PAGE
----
seems that most dried wood is non conductive so wood does not shield
well for rfi or emi
hmmm might have to add a layer of thin metal on the inside to minimize
copper always looks good but i wonder if the patina that develops
will change the way it shields
maybe there is a wood that has some conductive qualities even in the
Self-adhesive copper foil can be bought in sheets from virtually any
company that sells stained-glass supplies. I've never seen it in sizes over
12"X12" but if one looked hard enough bigger stuff is probably out there.
If using small sheets joining them together is easy with a bit of flux and
solder. Back in ancient days when I occasionally built wooden enclosures
for rf-sensitive audio gear I used similar foil for shielding and in the
wooden computer case I built I covered everything inside with copper. My
foil was bought in Japan and was, at a guess, 60cm wide and 10m long but
had no adhesive backing and had to be glued down with contact cement.
You guys are overthinking this. Copper is expensive overkill for
shielding. Grocery-store aluminum foil works fine and you can stick it
down with hot glue, double-stick tape, contact cement, or whatever else
you like. If you have an opening you need to shield, aluminum screen
from your average hardware store is plenty for the sort of openings you
typically find in computer cases--it's better than what is used in most
The problem with aluminum foils is that the seams have to be
connected. Aluminum quickly forms an oxide that's non-conductive.
Since aluminum, (particularly foil) doesn't solder well that doesn't
help, either. If you can solve the seam problem, aluminum is
LOL at faraday tree. Trees are good conductors of lightning
discharges, but otherwise I can't think of one that conducts.
RFI/EMI is a difficult subject. You need a conductive material,
and any gaps or holes have to be smaller than the wavelength
of the signal you're trying to contain (or block out, as the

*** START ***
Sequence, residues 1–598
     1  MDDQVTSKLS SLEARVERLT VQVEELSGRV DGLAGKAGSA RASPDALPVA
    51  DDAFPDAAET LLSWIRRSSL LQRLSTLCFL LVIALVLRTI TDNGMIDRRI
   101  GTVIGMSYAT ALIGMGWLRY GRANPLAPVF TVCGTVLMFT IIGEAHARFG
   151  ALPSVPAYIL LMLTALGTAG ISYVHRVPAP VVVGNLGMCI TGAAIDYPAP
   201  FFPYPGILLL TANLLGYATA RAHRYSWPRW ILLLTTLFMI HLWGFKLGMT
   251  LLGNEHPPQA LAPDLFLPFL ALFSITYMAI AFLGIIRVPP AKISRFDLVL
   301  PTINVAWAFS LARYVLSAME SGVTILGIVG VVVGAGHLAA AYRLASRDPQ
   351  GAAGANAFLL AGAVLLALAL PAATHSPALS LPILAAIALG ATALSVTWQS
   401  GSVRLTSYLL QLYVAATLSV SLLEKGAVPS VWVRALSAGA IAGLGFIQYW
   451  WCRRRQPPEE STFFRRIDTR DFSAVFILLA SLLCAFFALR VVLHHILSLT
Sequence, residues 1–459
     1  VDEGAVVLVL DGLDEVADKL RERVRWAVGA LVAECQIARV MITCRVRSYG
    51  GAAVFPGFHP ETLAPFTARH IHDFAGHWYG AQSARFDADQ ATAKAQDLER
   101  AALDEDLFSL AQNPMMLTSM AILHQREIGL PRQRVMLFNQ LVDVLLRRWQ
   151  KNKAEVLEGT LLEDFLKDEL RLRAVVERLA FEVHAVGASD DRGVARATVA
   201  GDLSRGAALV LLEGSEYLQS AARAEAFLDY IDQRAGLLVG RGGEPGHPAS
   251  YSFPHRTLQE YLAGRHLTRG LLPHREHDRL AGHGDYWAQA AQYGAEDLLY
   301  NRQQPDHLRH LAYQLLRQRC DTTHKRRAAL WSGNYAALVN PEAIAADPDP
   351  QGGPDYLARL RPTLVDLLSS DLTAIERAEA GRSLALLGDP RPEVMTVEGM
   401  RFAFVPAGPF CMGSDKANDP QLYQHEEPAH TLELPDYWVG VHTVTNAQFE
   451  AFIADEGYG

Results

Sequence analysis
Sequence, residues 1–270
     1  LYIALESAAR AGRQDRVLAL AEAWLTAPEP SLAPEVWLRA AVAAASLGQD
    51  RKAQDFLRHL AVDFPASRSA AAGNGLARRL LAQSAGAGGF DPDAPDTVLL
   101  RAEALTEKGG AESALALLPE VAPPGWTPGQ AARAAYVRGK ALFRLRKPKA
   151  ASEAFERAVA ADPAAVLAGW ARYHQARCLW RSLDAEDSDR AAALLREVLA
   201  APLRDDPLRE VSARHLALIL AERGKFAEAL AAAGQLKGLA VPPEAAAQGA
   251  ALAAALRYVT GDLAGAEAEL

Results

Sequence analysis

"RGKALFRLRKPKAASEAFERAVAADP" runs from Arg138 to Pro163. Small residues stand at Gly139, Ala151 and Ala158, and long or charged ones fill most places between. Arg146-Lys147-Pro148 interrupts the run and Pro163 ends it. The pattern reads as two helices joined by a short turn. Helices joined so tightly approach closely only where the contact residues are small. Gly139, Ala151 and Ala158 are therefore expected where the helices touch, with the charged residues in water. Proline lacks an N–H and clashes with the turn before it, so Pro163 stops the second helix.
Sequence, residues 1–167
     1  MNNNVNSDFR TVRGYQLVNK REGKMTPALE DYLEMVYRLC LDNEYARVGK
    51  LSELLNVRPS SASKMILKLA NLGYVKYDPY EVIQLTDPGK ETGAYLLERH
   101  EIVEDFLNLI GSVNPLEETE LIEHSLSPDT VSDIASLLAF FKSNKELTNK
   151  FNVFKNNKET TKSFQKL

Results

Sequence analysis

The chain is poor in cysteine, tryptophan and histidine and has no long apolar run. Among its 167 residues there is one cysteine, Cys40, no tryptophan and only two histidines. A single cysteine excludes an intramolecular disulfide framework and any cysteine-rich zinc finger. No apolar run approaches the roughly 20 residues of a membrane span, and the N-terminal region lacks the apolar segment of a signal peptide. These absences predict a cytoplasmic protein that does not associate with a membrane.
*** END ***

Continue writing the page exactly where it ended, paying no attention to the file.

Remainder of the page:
case may be). Unfortunately, that means the holes/gaps have
to be small in both directions - a long, thin gap like you
might get at the joint of a lid and a houseing can be an
excellent radiator of RFI.
You could put solid metal sheet (copper, aluminum, steel) in
as a shield, or metal mesh/screen, or conductive paint.
Whatever you use has to be well grounded to your circuit
ground to work well for EMI. This can be a problem with
paint. Tarnish on copper is only a problem if it prevents
a good ground path from existing.
Any wires that come out of your enclosure can be excellent
conductors of EMI/RFI, including the power cord. RFI can
usually be solved with a small cap to ground, but it can
be a real bear getting EMI off a power cord.
Beware that if you have an oscillator running at high freqs
(100 MHz, say) and your shielding is close to it and not
very rigidly fixed, it can detune your oscillator and cause
various weird problems.
decided to make two enclosures
the first one will enclose the device
then i will place a copper mesh over that
the second box will enclose the mesh and the first box
this way it will look like a solid wood enclosure
On Mon, 11 Jul 2016 18:52:39 -0700, Electric Comet
The mesh must be continuous, with no seams and any openings have to be
as small as possible. This can be a real PITA, without the
complications of your Russian doll. Conductive paint is a whole lot
easier. ...almost as easy as punctuation and starting sentences with
upper case characters.
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